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Our Guide on Probate Distribution of Estate

On Behalf of | May 11, 2023 | Estate Planning

All probate assets must go through the probate process before being distributed to beneficiaries. Though the rules for asset distribution in probate courts seem straightforward, they are fairly complex. While probate assets are allocated according to a default beneficiary designation, you can determine who gets what by writing a will.

Understanding how the probate process works is essential to maintaining control of how your assets are distributed once you pass. And if a family member’s assets are going through probate, you can better protect your inheritance rights by understanding the process.

At Batson Nolan PLC, we can work with you throughout the probate process. Our attorneys have years of experience with probate and other estate planning matters. We craft innovative and effective solutions to even the most complex estate planning needs. Schedule a consultation today.

What Is the Probate Distribution of Assets?

Probate is the official process of closing out an estate after someone dies. The court directs the estate to pay its debts and taxes during this process. After the debts and taxes are paid off, the court facilitates the distribution of the rest of the estate to heirs and other beneficiaries.

The probate distribution of assets involves the processes and rules that the court uses to determine who is entitled to an estate’s assets and to distribute the property to those people.

Only probate assets must go through probate court. Non-probate assets have slightly different rules governing distribution. You generally have more control over the distribution of non-probate assets, as this process involves much less oversight by Tennessee courts.

As stated, understanding the processes involved in probate court is essential if you are inheriting probate assets or wish to have control over the distribution of your assets. Further, there are legal strategies you can use to minimize the number of probate assets in your estate, thereby avoiding probate altogether for much of your estate. Limiting what must go through probate can help you reduce court fees and protect your assets from certain creditors. You can also minimize your estate’s tax burden while maximizing the value of your estate.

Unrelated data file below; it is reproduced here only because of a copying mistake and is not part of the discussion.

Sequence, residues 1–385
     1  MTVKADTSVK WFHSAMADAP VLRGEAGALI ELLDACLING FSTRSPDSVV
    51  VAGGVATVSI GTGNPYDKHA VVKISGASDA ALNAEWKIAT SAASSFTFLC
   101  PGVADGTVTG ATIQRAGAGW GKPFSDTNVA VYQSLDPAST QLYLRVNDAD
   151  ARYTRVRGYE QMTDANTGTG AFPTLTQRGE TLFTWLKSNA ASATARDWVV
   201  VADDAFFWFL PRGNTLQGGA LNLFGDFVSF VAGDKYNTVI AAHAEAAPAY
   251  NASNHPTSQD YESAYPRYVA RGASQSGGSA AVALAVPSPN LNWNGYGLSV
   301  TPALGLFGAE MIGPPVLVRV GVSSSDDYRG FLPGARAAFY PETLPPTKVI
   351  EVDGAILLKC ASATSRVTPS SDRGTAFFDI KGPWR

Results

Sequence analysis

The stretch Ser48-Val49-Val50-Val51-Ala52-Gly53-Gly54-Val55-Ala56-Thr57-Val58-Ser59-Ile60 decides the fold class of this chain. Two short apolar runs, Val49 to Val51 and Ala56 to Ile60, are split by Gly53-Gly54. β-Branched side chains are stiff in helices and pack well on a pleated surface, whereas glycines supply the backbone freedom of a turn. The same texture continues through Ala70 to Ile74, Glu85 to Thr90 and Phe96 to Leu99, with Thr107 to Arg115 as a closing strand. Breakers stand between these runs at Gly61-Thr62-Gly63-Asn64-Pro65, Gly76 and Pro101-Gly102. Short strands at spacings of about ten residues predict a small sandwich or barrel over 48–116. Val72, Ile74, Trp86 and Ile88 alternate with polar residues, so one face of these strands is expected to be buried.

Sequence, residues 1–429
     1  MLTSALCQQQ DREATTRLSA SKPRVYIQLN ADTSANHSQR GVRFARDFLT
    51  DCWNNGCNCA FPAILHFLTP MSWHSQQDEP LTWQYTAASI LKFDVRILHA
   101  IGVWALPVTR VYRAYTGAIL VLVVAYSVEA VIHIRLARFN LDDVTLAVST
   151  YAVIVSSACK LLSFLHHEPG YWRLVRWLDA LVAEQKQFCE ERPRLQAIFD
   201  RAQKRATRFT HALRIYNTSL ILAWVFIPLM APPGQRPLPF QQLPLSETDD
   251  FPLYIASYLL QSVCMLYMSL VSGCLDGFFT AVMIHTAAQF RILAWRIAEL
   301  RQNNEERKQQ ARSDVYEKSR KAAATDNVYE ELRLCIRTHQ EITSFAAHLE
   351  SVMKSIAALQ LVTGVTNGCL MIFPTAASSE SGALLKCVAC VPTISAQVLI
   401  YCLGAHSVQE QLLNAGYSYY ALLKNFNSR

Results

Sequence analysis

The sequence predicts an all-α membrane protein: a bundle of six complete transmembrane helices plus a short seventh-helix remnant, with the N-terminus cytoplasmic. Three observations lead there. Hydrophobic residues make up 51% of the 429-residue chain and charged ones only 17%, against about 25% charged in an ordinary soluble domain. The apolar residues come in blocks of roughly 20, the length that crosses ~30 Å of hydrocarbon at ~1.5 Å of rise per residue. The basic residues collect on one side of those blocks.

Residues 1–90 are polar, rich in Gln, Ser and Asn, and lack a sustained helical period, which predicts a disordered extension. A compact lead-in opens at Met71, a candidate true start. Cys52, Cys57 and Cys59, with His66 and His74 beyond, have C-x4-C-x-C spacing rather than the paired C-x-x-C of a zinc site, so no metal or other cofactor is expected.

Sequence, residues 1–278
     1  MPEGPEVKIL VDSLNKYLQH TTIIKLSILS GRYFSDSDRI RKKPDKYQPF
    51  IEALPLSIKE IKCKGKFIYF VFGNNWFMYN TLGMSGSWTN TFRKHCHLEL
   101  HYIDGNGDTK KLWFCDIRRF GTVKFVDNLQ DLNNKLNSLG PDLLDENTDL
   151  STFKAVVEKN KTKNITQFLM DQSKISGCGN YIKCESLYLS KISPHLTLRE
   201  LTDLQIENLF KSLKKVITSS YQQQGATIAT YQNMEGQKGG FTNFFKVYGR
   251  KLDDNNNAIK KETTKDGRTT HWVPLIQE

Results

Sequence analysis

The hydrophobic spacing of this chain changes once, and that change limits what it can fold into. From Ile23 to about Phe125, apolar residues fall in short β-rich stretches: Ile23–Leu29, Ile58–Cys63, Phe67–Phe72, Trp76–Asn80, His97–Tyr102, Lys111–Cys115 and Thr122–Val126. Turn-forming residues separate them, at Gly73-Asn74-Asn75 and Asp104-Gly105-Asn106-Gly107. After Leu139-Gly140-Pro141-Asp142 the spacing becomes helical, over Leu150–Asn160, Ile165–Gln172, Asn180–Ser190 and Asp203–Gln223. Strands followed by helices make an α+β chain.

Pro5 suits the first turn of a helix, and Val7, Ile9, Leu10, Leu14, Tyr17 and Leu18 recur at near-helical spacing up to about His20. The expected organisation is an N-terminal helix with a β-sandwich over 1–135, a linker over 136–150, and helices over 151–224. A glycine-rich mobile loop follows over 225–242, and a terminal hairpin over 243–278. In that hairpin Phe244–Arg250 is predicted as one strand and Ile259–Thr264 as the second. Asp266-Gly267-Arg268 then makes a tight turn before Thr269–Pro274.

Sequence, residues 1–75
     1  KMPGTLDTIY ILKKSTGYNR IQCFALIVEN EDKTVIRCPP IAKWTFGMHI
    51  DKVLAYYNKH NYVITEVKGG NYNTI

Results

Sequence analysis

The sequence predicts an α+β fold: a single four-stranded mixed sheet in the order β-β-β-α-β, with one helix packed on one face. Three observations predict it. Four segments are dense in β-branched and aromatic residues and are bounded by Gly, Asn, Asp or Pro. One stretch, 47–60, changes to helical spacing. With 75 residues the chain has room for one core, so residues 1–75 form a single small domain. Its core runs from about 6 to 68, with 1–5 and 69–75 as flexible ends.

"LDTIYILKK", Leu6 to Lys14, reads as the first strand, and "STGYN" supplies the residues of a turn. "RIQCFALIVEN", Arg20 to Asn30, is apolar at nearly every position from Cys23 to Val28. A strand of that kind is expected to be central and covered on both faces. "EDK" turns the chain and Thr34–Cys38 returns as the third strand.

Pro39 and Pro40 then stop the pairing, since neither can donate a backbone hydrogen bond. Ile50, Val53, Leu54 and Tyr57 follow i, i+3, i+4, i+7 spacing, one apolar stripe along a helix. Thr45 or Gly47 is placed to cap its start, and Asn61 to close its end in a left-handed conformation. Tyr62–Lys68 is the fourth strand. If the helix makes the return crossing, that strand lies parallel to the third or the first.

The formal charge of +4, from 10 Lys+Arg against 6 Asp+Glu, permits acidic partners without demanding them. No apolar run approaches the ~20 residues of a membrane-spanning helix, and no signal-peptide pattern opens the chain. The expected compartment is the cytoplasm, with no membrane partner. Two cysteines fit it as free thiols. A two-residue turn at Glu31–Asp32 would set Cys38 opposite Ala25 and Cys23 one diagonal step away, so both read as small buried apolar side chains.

How Is Probate Distribution of Assets Conducted?

If an estate has probate assets, there are specific procedures the court must follow before disbursing the property to heirs. The court plays a particular role in these procedures and is a significant factor in determining when the estate can be distributed.

What Assets Must Go Through Probate?

Understanding which assets are distributed through probate is essential to understanding the process. Further, knowing how to turn a probate asset into a non-probate asset can save your estate valuable time and money.

In general, all assets that are owned exclusively by the person who died (the decedent) must go through probate court. But there are some exceptions, such as for small estates worth less than $50,000 with no real estate. Also, any property that is jointly owned does not need to go through the probate process. Further, assets owned by a trust or subject to a life estate or other death conveyance (such as a life insurance policy with a designated beneficiary in the formation documents) can avoid the probate process.

An experienced estate attorney from Batson Nolan can help you determine if a given asset must go through probate. They can also work with you to structure your assets to avoid probate.

Role of the Court

During the probate process, the court validates the decedent’s will. If there is no will, they distribute the estate based on Tennessee’s intestate succession laws. The court also ensures that the estate properly notifies creditors and pays all legitimate debts and taxes. Once these payments are made, the court directs the executor of the estate to distribute assets to beneficiaries. Finally, the court oversees the distributions.